Does Your Brand Pass The Brand Tattoo Test?

The good news seems to be that there is more and more talk about brands needing or having purpose. And I fully believe purpose is a profound force — more than having a great product — in creating long-term value. Yet, the bad news is that, even if many people and conferences talk about it, it is equally evident that few are the brands that are living it.

Some years ago, I came up with this idea that I feel brings to light the true level of purpose of a brand: Can your brand pass the brand tattoo test?

brand tattoo test

Photo Credit: Tanzeel Ur Rehman – Cover Asia Press

What greater sign of loyalty or sense of belonging could a person show? Of course, it’s risky business because, as sure as day will follow night, the brand logo, much less ownership, will change over time. But, when a brand feels like it has integrity and is genuinely striving to be authentic, that should not be an obstacle, because you are subscribing to a longstanding and principles-based philosophy and devotion. In researching this post, I discovered that there is apparently a certain Jason George in India who has (per this article, published in March 2017) sat through the tattooing of 380 brand logos on his body. He claims that each of these brands has contributed to his life in some way. And, contributing to your customer’s life really could be the mission of brands that are serious about thriving long-term.

Apple Think Different Brand Tattoo

I fully admit that I personally don’t do tattoos. But if I did, I absolutely know which brand I would accept to tattoo on myself. The proof is that I still proudly wear t-shirts and caps with the logo emblazoned on it.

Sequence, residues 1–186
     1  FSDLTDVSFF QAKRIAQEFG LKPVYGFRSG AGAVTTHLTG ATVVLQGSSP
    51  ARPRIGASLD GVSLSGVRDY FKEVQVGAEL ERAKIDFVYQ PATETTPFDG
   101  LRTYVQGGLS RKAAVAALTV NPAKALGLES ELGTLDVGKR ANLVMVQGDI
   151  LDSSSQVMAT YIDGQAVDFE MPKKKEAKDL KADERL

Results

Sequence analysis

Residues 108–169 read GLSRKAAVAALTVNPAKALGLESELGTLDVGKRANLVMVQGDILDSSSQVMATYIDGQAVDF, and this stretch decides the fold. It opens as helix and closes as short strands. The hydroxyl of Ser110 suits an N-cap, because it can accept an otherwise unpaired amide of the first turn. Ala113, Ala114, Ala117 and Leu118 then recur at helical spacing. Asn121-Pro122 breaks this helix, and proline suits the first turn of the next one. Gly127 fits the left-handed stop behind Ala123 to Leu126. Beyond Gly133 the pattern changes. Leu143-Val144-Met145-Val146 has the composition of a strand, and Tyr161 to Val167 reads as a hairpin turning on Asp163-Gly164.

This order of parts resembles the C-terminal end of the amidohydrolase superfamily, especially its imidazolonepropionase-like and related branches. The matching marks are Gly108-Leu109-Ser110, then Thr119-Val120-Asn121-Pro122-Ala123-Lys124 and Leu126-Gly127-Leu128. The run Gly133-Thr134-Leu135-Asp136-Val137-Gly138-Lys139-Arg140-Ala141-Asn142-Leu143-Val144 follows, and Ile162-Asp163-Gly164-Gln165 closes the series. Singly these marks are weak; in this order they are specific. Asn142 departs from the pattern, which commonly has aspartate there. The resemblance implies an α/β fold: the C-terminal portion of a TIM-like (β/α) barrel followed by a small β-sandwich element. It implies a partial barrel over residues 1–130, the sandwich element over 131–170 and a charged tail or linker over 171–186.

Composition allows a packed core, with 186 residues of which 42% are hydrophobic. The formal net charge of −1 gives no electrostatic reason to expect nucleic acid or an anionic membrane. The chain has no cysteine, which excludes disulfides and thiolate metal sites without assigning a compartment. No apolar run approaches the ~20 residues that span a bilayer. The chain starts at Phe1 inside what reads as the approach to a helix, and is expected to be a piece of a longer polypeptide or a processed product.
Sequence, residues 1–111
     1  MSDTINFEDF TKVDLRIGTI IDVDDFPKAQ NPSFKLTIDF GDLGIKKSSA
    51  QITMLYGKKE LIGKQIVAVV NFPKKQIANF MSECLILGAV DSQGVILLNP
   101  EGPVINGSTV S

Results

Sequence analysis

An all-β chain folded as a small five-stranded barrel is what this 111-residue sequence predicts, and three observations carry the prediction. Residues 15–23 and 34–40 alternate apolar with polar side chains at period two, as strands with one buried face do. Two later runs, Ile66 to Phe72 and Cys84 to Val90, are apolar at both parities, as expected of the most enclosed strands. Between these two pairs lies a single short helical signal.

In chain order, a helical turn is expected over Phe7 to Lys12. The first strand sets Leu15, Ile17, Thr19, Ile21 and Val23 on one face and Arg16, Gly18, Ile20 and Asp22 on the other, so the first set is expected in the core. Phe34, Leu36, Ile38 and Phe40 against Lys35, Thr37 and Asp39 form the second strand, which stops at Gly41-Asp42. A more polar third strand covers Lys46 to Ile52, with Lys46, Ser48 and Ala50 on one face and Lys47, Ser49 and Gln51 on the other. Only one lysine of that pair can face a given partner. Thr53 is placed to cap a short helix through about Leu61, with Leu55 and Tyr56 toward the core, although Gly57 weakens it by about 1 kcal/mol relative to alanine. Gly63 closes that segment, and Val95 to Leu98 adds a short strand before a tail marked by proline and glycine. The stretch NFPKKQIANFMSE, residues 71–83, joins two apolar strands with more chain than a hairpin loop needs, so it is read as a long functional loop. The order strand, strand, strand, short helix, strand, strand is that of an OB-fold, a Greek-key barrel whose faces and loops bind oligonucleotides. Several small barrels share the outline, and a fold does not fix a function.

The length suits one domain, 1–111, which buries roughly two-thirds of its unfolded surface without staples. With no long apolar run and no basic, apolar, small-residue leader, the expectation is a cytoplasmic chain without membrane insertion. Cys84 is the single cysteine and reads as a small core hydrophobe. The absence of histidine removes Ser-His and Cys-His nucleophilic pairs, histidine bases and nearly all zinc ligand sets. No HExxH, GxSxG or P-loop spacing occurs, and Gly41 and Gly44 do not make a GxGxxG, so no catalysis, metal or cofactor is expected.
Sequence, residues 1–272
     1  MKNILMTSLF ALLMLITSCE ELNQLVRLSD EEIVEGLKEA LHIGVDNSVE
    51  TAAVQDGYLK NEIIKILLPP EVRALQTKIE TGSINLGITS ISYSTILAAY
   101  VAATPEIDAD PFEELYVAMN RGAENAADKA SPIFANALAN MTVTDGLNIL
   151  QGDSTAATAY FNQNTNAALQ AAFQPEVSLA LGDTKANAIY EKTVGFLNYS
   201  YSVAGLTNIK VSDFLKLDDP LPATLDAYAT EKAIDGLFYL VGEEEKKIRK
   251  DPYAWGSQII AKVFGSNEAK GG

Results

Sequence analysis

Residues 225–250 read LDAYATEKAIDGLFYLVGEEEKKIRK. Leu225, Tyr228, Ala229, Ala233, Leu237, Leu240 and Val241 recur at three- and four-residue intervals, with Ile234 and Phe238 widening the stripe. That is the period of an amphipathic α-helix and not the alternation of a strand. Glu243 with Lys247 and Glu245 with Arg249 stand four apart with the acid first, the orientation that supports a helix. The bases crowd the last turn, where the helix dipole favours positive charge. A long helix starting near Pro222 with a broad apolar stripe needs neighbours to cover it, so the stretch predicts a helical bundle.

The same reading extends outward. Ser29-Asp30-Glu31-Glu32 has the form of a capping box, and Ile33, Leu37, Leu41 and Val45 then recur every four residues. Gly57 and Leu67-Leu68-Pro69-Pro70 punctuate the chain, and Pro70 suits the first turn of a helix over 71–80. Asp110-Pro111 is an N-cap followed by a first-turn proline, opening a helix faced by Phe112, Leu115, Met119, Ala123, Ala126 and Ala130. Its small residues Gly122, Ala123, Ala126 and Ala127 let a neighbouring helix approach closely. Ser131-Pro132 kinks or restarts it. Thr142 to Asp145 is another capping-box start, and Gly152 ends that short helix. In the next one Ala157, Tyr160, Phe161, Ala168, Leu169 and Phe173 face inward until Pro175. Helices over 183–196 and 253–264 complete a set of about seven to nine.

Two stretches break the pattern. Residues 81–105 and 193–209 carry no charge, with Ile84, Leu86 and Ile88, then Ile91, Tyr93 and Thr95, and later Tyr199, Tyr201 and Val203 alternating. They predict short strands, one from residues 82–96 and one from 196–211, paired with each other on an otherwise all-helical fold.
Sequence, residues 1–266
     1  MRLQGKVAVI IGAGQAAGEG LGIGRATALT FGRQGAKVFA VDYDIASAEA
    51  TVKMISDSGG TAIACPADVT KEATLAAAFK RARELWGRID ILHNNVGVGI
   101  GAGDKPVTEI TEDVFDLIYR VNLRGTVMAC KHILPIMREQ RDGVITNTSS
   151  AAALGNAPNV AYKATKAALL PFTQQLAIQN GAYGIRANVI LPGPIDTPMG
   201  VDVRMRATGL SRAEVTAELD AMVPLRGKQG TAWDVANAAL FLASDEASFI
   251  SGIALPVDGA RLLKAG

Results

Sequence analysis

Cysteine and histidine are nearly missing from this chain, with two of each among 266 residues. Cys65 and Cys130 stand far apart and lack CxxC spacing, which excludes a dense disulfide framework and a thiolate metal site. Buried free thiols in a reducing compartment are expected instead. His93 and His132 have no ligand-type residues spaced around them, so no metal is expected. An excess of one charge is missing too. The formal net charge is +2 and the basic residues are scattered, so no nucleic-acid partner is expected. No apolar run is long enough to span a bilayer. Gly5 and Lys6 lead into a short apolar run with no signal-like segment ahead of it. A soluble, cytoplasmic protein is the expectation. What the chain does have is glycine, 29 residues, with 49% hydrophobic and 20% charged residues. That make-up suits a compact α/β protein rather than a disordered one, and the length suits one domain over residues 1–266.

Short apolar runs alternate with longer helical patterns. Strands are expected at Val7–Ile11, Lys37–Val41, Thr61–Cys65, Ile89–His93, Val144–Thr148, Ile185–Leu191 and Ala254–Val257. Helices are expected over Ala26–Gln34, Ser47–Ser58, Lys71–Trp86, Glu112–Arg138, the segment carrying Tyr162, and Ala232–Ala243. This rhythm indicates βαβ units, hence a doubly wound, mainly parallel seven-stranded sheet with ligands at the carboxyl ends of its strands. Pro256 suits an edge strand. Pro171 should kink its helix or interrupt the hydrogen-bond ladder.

Redken passes the brand tattoo test

While I’m at it, perhaps an even more radical question could be: On a scale of 1-10, how likely would you tattoo the name or logo of your brand on your own child?

In the end of the day, this is not an attempt to warrant tattoos. But, it speaks to the attachment and engagement one might feel for a brand/company.

I believe that brands with purpose are necessarily more humanistic. They are striving to do some greater good all the while making profits. And, I tend to think that humanistic brands are sometimes considered in a similar vein to a favourite sports team. And there are certainly plenty of people who tattoo their favourite teams on their body.

What if your C-suite asked: What would it take for your brand to curry such a royal treatment on your body as an employee, much less as a customer?

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